The American Association of Law Libraries
Prior to 1906, law libraries were individual institutions, more or less secluded and segregated. Professional connections were sparse, and law librarians had limited opportunities to make acquaintances or acquire professional knowledge and training. With this great disconnect within the community came the inspiration of creating the American Association of Law Libraries (AALL). Unfortunately a complete record of the first meeting was not published, but a short memorandum note is found in Public Libraries, v. II, p. 459, as follows: "Pursuant to a call in which twenty-four law libraries joined, there was formed at the conference of the American Library Association at Narragansett Pier, in July, 1906, the American Association of Law Libraries. The purpose of this new organization is to develop and increase the usefulness and efficiency of the law libraries of the United States and Canada." The ten founders of the AALL chose A.J. Small as their first president and leader, he went on to serve for two consecutive terms.
No annual meeting of the American Association of Law Libraries was complete without the presence of A.J. Small. The much beloved first president, who in later years came to be known as the distinguished elder statesmen of the AALL, was a shining model of the ideal law librarian, not only devoted to the interests of his own library, but also always willing to share with his fellow librarians his technical knowledge and experience to improve library service throughout the country.
During his stewardship as the President of the AALL, the first important work of the association was to develop professional publications. The first AALL committee on publications consisted of Frederick W. Schenk, Fank B. Gilbert, and Gilson G. Glasier, and it was appointed by President Small to study the feasibility of publishing an index to legal periodicals and a journal of current law library information. The first issue of the Index to Legal Periodicals and the Law Library Journal was published in Janurary 1908.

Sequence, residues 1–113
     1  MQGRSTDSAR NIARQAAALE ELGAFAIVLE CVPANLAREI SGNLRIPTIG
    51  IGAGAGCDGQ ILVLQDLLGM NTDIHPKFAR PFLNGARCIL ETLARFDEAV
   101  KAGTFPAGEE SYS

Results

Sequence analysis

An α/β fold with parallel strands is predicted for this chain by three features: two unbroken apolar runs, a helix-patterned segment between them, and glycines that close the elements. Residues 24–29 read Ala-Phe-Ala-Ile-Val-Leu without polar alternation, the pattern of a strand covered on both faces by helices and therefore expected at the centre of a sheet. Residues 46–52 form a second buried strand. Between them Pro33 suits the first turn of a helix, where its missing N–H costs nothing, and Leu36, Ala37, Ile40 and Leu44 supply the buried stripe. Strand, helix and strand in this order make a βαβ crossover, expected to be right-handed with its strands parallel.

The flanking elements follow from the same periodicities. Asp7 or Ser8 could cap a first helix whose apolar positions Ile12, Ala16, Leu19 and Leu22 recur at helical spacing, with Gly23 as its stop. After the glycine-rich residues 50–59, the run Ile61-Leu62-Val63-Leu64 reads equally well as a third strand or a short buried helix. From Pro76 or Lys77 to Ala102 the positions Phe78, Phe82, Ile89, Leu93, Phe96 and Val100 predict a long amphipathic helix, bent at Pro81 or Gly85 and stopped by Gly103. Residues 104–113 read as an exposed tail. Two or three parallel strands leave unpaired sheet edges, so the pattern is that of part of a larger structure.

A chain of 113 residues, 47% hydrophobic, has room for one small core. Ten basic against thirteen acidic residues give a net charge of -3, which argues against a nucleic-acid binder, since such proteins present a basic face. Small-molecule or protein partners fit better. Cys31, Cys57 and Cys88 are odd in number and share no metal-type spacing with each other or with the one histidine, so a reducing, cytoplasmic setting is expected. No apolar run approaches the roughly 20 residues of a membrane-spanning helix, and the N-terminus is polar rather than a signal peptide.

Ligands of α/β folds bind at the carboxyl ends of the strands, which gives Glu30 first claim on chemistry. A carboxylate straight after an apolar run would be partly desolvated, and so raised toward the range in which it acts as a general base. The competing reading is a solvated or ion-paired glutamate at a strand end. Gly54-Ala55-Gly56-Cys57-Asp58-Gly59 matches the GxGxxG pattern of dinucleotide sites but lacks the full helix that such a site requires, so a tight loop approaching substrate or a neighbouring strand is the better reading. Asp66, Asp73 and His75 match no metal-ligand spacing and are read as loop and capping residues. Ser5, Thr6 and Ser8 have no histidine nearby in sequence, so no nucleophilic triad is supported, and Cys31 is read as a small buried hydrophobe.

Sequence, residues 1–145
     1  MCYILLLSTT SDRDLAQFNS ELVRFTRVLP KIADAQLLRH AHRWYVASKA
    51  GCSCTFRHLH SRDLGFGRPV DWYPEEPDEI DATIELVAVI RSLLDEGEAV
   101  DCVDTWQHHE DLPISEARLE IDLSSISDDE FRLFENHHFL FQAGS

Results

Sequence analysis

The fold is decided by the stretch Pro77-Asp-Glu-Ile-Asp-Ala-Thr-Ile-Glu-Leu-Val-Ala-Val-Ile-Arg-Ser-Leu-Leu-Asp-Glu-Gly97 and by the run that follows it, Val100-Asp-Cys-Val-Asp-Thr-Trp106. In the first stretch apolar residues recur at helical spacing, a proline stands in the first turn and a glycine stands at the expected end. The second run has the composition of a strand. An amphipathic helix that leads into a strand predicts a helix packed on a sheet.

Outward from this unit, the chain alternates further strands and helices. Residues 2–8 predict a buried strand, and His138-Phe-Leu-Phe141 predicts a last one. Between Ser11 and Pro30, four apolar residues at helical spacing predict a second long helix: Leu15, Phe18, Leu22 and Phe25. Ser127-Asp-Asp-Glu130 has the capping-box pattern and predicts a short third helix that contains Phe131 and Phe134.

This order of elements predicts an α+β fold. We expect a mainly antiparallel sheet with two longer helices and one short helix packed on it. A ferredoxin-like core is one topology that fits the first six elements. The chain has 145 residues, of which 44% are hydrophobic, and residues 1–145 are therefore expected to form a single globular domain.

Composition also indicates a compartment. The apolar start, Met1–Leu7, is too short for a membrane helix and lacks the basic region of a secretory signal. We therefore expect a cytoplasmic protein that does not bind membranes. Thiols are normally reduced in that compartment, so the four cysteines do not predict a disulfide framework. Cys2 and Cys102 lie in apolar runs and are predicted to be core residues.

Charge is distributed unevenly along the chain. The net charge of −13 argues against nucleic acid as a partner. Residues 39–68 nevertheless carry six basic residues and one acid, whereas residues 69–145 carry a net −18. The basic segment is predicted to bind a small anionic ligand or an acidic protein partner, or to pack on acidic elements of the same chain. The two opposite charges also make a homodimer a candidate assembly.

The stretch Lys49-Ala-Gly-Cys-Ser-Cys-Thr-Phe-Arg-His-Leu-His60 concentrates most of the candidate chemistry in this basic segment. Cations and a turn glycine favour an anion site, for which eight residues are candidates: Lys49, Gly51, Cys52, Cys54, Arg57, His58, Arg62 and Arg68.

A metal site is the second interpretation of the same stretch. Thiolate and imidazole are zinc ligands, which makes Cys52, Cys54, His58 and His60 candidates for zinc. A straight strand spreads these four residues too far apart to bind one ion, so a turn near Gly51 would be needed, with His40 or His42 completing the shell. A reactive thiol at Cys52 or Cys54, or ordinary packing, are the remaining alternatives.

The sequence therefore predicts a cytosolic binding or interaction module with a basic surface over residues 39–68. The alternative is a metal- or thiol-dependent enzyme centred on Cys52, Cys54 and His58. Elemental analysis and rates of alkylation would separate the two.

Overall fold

In 1909, A.J. Small then went on to complete the Index to the Iowa State Bar Association Proceedings, v. 1-15, 1895-1909 and in 1912 he compiled the Proceedings of the Early Iowa State Bar Association, 1874-1881. He was also the compiler of the Bibliographical and Historical Check List of Proceedings of Bar and Allied Associations, which was issued under the auspices of the AALL in 1923. This valuable compilation was later revised by A.J. Small and published as Appendix VIII (p. 440-491) in Hicks, Materials and Methods of Legal Research, 1933.
A.J. Small endeared himself to hundreds of librarians, who respected him for his thorough knowledge of law books and his keen sense of logic for solving issues surrounding law library collections of the time.